Black Mirror, the popular TV and Netflix series known for focusing on high-tech futuristic themes, is about to get a very low-tech spin. Charlie Brooker, the English satirist responsible for the writing and concepts behind the sci-fi show, recently announced to BBC that he will be the editor of three anthology volumes to be published in what he calls a “high-tech ‘paper’ format.”
Brooker has been pushing the envelope with his satirical writing since the early ’90s, and made the move to television in the early ’00s with non-fiction work about technology and television. His fascination with modern technology, especially the personal kind that most people use daily in their own homes and lives, grew along with the technology itself and culminated in the 2011 debut of Black Mirror. While each episode has its own unique characters, setting and reality, a connecting thread of dystopian euphoria winds its way throughout the series, exploring the ways personal technology affects our world both for better and worse. As Brooker himself put it to The Guardian, “If technology is a drug – and it does feel like a drug – then what, precisely, are the side-effects? This area – between delight and discomfort – is where Black Mirror, my new drama series, is set.” He goes on to explain that the title itself refers to the shiny dark screens of televisions, computers and smartphones, reflecting humanity wherever we go.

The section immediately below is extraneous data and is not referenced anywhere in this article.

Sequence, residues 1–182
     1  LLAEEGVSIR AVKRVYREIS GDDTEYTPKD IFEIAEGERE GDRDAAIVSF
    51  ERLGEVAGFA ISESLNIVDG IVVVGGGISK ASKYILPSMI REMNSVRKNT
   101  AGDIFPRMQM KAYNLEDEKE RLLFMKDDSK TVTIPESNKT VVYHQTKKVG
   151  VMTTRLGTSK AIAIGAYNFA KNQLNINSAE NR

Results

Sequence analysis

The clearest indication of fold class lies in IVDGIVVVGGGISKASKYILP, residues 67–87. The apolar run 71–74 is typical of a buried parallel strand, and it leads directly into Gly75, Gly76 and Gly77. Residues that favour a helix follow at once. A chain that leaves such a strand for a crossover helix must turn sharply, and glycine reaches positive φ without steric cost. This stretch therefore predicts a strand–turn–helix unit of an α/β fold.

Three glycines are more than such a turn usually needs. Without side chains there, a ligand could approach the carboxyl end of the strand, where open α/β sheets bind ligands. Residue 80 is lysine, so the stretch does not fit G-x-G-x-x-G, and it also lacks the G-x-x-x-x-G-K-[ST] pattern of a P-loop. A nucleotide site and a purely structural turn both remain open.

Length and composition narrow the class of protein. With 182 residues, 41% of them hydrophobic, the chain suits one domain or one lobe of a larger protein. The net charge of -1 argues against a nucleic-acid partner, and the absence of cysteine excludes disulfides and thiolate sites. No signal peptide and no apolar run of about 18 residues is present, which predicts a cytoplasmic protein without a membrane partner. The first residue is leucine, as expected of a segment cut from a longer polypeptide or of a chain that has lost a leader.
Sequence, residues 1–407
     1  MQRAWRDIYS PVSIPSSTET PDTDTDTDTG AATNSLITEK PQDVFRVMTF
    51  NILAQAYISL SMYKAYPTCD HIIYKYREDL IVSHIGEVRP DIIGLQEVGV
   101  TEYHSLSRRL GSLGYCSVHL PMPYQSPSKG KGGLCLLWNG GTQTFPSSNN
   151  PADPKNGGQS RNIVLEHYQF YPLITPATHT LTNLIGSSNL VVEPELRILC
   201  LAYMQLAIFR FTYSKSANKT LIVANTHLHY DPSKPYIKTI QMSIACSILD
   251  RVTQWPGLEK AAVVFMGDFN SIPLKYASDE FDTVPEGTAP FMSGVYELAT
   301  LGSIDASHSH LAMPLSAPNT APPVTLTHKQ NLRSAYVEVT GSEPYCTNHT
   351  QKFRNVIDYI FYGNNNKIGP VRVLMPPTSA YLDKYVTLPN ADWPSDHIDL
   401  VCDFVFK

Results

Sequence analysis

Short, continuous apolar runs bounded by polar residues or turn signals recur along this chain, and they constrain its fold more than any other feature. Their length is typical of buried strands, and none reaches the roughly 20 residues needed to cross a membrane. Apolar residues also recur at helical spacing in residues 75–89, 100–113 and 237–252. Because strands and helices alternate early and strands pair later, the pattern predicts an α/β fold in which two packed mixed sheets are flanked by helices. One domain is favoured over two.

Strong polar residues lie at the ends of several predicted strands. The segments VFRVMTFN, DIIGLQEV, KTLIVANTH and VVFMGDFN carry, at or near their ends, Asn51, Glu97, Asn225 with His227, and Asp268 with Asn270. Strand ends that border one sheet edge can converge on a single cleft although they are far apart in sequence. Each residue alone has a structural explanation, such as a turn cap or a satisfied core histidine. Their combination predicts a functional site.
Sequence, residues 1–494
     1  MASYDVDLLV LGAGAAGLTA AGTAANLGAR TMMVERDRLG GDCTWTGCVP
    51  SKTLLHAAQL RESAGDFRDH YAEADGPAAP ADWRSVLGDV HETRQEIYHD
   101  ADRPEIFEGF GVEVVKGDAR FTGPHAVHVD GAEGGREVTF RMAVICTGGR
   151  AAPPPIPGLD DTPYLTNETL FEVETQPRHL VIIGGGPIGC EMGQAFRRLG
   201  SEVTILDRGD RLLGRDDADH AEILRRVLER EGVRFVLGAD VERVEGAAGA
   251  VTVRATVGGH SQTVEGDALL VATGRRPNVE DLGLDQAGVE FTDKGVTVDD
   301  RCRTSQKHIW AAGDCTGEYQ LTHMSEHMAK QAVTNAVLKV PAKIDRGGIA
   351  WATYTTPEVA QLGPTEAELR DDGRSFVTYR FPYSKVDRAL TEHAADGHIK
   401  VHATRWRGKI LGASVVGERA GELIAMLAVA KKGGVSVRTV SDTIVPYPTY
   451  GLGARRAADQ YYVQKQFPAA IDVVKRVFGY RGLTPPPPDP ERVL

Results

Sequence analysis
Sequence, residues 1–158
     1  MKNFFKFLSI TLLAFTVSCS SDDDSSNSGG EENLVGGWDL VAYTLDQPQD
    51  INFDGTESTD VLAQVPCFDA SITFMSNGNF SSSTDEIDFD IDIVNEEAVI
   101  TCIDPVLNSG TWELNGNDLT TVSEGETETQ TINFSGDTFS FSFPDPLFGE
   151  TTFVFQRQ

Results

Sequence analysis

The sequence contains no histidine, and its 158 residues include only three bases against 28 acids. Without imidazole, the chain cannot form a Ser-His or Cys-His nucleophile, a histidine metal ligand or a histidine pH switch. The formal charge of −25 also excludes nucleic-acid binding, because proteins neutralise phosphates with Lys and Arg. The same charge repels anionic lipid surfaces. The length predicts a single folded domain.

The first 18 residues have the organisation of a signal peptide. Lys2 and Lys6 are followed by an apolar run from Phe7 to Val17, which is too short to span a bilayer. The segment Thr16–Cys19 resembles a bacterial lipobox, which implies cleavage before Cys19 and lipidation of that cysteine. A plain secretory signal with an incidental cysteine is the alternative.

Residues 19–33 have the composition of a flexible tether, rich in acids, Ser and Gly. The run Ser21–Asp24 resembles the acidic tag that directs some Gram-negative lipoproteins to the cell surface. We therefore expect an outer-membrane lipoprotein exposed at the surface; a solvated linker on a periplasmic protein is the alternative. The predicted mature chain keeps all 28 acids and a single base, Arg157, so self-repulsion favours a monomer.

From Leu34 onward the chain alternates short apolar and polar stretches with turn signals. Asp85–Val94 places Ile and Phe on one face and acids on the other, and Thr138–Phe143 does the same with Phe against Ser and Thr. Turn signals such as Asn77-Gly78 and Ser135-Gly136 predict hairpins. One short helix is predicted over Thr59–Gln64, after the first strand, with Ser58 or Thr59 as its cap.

The new book series, set to be published in February of 2018, will require no black mirror to enjoy and will consist of novellas written by various authors and edited by Brooker. The satirist seems excited about this lateral move in format, remarking drolly that “Apparently, you just have to glance at some sort of ink code printed on paper and images and sounds magically appear in your head, enacting the story. Sounds far-fetched to me, but we’ll see.”